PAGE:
Friday, November 2, 2007

Sprouts: The Nutritious Garden Anyone Can Grow

Diet Start

Many more varieties of sprouts can be grown at home than can be purchased from retailers. Growing sprouts at home is always preferable to purchasing them, as the risk of mold or contamination is much lower. It is easy to do.

Supplies to Get Started

A green thumb isn't necessary to grow these delicious greens at home. The following are a number of basic approaches to sprouting:

1. A large, wide-mouthed jar works well for most bean seeds and smaller seeds, such as radish, cabbage, and alfalfa. The mouth of the jar can be covered with a fine mesh screen or piece of cheesecloth held in place with a strong rubber band. Some varieties of seeds, especially the taller sprouts such as sunflower, require more room than a jar offers to achieve uniform growth. Another drawback of the jar method is that the draining and air circulation are poor, and that can result in mold if not done properly Sprouts in a jar must be rinsed daily-do not let them dry out, as this will prevent sprouting. After rinsing the sprouts, place the jar upside down on a drain board until the next rinsing. Rinsing once daily is sufficient.

2. A basket-type sprouted allows the sprouts to obtain their full height and produces uniform growth among sprouts. Basket sprinters are often referred to as vertical sprinters. In general, the yield of sprouts is higher with this method. An unvarnished bamboo basket with a small, tight weave can be fashioned into an efficient sprouted. Depending on the circumference of the basket and the size of the seeds, you can sprout up to 6 to 7 tablespoons of seed in a basket. You will need to create a "greenhouse tent" over the homemade basket. This can easily be accomplished by placing a document-sized locking plastic bag over the basket during the growth stage of the sprouts. The "greenhouse tent" will keep the sprouts moist and prevent them from drying out. You should also elevate the basket using small wooden dowels to accommodate airflow under the basket.

A colander can be used to make sprouts-just make sure the grid is small enough so that the seeds won't fall through. Purchase a colander made of a natural material or plastic. Do not use an aluminum colander, since the relationship between Alzheimer's disease and aluminum deposits in the brain is well documented.

Vegetable sprouting kits can be purchased from most health food stores or from companies that specialize in seeds and sprouting equipment. (See the Resources section for some recommended sources.) Most seeds can be sprouted using a vertical sprouted. Larger seeds, such as buckwheat and sunflower, tend to perform better in a basket with a larger weave.

Sprout bags made from natural fibers of the flax plant are the easiest to use and work well for bean and grain seeds. They are not suitable for sprouts that develop chlorophyll, since they don't permit sufficient light into the bag.

Ready, Set, SPROUT

Whichever type of system you use, the procedure for growing sprouts is essentially the same. If you are growing sprouts in a jar, use 2 tablespoons of seed. An eight-inch basket type sprouted will accommodate 5 tablespoons of seed, while a bag can sprout up to 2 cups of seeds. First, rinse the seeds. Most seeds (except for chia, alfalfa, cress, oat, or mustard seeds) should then be soaked by placing them in a quart jar and covering them with several inches of cold water. Most seeds require soaking overnight, but smaller seeds require only a few hours of soaking. For an additional nutritional boost, add a few drops of liquid kelp or two leaves of dry or fresh kelp to the water during soaking. The seeds will absorb the nutrients in the kelp. If you are using dry or fresh kelp, be sure to remove it after soaking and before sprouting.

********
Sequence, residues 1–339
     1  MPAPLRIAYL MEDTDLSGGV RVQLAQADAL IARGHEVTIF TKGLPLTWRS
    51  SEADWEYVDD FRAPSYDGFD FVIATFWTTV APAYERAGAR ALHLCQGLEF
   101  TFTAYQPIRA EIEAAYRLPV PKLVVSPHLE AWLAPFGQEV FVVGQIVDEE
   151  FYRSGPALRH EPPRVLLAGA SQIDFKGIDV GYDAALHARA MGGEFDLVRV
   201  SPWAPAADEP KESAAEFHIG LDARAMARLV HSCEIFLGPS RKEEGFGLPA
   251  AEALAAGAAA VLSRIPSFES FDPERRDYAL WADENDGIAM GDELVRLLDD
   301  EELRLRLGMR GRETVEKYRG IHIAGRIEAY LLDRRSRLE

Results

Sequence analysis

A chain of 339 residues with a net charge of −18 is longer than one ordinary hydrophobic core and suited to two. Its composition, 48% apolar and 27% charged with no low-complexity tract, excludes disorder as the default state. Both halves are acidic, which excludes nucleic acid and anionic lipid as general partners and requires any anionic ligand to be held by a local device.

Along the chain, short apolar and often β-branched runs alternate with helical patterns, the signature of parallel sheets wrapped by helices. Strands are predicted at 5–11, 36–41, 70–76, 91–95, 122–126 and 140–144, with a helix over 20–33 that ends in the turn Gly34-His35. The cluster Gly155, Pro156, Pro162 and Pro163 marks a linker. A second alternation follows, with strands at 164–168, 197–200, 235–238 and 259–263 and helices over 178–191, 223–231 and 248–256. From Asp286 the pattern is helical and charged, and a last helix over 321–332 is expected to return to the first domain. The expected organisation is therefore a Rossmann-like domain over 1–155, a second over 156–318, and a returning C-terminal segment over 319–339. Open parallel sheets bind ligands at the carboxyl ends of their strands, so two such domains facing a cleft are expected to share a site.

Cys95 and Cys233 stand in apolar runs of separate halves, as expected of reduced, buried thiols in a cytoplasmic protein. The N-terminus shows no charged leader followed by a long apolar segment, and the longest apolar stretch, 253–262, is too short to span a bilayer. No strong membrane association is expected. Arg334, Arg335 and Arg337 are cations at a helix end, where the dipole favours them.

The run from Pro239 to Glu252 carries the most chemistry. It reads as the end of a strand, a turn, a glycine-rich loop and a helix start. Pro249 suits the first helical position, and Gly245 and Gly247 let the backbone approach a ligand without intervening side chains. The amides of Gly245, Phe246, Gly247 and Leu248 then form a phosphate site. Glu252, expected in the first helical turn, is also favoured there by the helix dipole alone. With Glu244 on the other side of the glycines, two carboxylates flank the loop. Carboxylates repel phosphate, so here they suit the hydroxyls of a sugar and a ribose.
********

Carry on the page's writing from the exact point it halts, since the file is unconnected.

After the seeds have been soaked, drain the water, rinse the seeds in fresh water, drain the seeds again, and then place them in whatever vessel you will be using to sprout them. The sprouting bag or basket should be moistened before you add the seeds. Handle sprinters "gently." Rapid movement may cause awkward shifting of sprouting seeds, breaking the tender shoots and causing spoilage.

From this point on, it is very important that the seeds remain moist. If they dry out, they may still sprout, but they will not develop to their full potential. Gently rinse and drain the seeds twice a day. Use either distilled water with trace minerals added or a good quality filtered water, since the sprouts will absorb the water. (The rinse water contains nutrients-save it and use it to water houseplants or use it in soup stock.)

As the seeds begin to germinate, soak them in cold water to remove the hulls. Using a tea strainer, skim hulls off the water as they float to the top. This will help to prevent premature spoilage. The germination stage is critical to the development of sprouts. In nature, Mother Earth keeps the seeds warm and moist. Light isn't necessary for germination, but the seeds must be kept warm and moist or they will be ruined.

If you are using a jar, cover it with a towel and place it near a sunny window, on a seventy-degree angle or thereabouts. If you are using the basket method, go ahead and place the "greenhouse tent" over the basket at this stage. A bag sprouted can be dipped in a basin of warm quality water then hung on a hook to drain.

Once the seeds have germinated, place chlorophyll forming sprouts in a sunny window. Since grain and bean seeds do not produce chlorophyll, it isn't necessary to place them in a window. Continue to rinse the sprouts twice daily until they reach maturity

However you decide to make your sprouts, the following tips will ensure the healthiest, freshest sprouts possible:

... andjoyohoxing